6 How is a deacon different from a lay person? 6 How is a deacon different from a lay person? Like the laity, deacons live in a secular setting with family, homestead and work. However, deacons are different in that they receive the sacramental grace of Holy Orders (through their ordination) to sustain them in their promises of lifelong obedience to serve the Bishop and his successors. Deacons are also ordinary ministers of Holy Communion and may celebrate certain sacraments (Baptism and Matrimony) and liturgical rites (funerals, benediction, and blessings) in the absence of a priest. Deacons receive substantial formation before being ordained (at least five years and over 1,100 hours in duration), receive continuing education following ordination of at least twelve hours per year, and attend annual retreats. Deacons make sacred promises to serve at least ten to twelve hours per week in uncompensated ministry, to pray the Liturgy of the Hours daily, to live in the diocese for life, and to be open to whatever diocesan or parish ministry assignments are made by the bishop. It is critical that deacons are able to properly balance their family life, work, and ordained life. What about a permanent dwife & family? Unlike a priest, a permanent deacon may be married before ordination; he promises not to remarry if his wife dies after his ordination. A deacon, with the assistance of his wife, must properly balance the responsibilities of being a husband (and perhaps a father) along with being a member of the clergy. During formation this balance is discussed, practiced and assessed. The wife must independently consent to the formation process at all stages and eventually ordination. She must also participate in weekend formation (10 weekends per year for five years). In addition, the support of other family members
7 Key traits of one aspiring to the diaconate 7 Key traits of one aspiring to the diaconate (from the National Directory for the Formation, Ministry, and Life of Permanent Deacons in the United States) Some key traits include: spiritual maturity strong sacramental life healthy life balance good Christian reputation relates well to others respectful collaborative shares faith positively enthusiastic authentic kind humble open to change good communication skills good judgment listens respectfully able to manage time psychological integrity ready to be formed knowledgeable faithful to Church teaching obedient to Church authority good work ethic responsible self directed generous servant leader animates others to serve able to teach and witness to C love in the world Sacrificial Life of a Deacon Some mistakenly believe that the vocation of a deacon is not as sacrificial as that of other vocations in the Church. Like all vocations in the Church, but they are different. First, the deacon is not compensated financially by the Church with a salary, benefits, education, and a place to live, nor do they have a religious community to provide support. His service is totally gratuitous (not paid like a lay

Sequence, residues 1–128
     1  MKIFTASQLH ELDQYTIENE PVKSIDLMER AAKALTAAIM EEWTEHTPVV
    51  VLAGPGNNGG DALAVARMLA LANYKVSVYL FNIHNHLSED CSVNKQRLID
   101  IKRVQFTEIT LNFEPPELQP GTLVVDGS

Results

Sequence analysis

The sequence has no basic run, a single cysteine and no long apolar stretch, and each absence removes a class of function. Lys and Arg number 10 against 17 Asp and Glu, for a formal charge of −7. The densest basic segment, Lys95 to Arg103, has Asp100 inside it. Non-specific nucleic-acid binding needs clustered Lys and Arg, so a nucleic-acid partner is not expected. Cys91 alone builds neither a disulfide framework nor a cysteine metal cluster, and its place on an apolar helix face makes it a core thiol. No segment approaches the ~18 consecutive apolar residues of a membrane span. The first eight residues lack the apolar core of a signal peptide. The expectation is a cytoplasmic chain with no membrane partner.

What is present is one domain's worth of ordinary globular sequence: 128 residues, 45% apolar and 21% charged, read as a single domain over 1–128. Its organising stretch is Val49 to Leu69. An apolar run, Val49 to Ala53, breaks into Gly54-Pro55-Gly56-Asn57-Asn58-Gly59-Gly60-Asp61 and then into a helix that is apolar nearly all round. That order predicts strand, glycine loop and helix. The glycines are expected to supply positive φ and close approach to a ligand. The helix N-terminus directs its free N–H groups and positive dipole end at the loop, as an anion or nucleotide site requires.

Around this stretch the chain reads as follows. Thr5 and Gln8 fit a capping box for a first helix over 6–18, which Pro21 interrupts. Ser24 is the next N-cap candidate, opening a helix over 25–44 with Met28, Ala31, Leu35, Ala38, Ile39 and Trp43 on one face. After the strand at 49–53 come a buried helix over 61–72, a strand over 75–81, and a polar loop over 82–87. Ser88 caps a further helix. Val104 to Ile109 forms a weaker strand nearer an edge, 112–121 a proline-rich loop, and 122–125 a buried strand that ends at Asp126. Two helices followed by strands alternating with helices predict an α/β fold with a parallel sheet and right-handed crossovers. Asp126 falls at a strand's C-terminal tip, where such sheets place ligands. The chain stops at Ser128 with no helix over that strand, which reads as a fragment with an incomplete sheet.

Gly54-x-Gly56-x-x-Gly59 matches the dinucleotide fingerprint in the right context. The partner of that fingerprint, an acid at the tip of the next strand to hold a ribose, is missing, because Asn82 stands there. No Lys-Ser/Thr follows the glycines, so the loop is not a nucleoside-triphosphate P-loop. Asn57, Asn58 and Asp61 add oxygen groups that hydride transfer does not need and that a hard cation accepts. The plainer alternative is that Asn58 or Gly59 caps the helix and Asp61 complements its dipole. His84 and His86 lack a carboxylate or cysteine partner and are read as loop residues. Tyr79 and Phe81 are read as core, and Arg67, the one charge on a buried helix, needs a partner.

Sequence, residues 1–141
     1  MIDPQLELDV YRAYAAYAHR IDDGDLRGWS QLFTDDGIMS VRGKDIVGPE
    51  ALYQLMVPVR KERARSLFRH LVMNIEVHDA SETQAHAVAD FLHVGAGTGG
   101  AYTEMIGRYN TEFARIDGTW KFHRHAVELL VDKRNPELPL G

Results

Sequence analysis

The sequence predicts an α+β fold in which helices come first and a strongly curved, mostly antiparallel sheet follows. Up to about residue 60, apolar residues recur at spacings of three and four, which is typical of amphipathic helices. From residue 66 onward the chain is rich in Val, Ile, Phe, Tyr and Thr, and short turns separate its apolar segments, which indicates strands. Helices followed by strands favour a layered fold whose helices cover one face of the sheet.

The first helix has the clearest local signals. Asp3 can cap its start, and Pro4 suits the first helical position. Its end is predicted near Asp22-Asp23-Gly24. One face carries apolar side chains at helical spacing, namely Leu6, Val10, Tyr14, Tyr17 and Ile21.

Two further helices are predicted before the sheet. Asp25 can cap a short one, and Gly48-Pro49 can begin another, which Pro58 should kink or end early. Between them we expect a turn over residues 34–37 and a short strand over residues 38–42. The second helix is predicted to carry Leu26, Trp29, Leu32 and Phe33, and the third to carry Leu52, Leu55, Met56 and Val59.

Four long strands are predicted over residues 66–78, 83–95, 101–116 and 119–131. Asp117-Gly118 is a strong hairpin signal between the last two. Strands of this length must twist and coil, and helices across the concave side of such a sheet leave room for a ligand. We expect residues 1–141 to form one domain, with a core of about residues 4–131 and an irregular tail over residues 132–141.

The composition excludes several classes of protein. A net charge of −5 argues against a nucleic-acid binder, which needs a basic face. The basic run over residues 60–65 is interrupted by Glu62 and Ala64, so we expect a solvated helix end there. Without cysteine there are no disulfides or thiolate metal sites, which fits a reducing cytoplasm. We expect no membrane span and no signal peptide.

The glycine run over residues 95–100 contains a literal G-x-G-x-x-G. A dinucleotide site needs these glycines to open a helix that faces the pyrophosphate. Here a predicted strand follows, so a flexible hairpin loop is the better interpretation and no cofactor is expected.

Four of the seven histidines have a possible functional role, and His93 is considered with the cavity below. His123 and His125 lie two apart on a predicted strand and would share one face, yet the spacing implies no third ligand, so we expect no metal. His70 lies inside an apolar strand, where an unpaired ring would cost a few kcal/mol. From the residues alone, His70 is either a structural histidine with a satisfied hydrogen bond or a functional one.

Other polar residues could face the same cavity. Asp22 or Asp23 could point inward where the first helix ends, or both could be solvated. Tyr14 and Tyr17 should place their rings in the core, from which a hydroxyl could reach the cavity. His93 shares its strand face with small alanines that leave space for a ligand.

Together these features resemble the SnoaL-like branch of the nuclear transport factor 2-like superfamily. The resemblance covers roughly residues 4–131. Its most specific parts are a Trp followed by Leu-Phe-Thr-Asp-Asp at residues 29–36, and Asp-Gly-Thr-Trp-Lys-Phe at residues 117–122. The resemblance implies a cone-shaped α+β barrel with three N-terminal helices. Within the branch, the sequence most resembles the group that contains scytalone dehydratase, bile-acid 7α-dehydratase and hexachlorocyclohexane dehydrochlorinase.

8 Admission process 8 professional), and a deacon must pay for most of his own formation. The deacon serves while still providing for his own livelihood, homestead, family, healthcare, retirement, and all other financial needs. Just as a priest or consecrated religious makes a gift of themselves to the Church in celibacy, a deacon makes a total gift of service to the bishop without receiving any financial compensation or support. Also, to the Church is not Deacons are an ordained presence of Christ the Servant in the secular world, because the deacon is immersed in his workplace and in the lay community. A deacon must also actively balance his time for Church, spouse, children, work and himself. His time for the diaconal vocation is not secondary to his other commitments, and he must master balancing priorities. The man, and his wife and family, must evidence an intense desire and love to serve the Church in radical self-giving and availability. Finally, a deacon does not choose his ministry. He must go and do as the bishop desires because he shares in the apostolic mission of the bishop under sacred promises of obedience and respect. A deacon and his family must also be willing to move from their parish and accept assignments to a different parish from the bishop. A deacon is never required to leave their homestead, leave their hometown or employment (since this is his means for living); however, he must be open to serving in parishes and places where the bishop directs, which may be outside his parish of origin. Admission process Serving the Church in Holy Orders is a privilege, not a right! The application and formation process are designed to facilitate the affirmation of a vocation. Deacons are formed in cohorts groups of men assembled at the same time to begin formation which will be started from time to time at the discretion of the diocese. Admission into formation for the diaconate begins by contacting and scheduling a meeting with